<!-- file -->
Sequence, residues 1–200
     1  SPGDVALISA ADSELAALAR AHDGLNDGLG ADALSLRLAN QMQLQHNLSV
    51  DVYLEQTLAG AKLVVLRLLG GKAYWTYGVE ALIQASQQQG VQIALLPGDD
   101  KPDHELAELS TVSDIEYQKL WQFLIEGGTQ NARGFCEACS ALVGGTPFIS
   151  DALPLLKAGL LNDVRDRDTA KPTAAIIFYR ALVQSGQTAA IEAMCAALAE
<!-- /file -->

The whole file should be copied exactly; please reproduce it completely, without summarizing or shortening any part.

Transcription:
Sequence, residues 1–200
     1  SPGDVALISA ADSELAALAR AHDGLNDGLG ADALSLRLAN QMQLQHNLSV
    51  DVYLEQTLAG AKLVVLRLLG GKAYWTYGVE ALIQASQQQG VQIALLPGDD
   101  KPDHELAELS TVSDIEYQKL WQFLIEGGTQ NARGFCEACS ALVGGTPFIS
   151  DALPLLKAGL LNDVRDRDTA KPTAAIIFYR ALVQSGQTAA IEAMCAALAE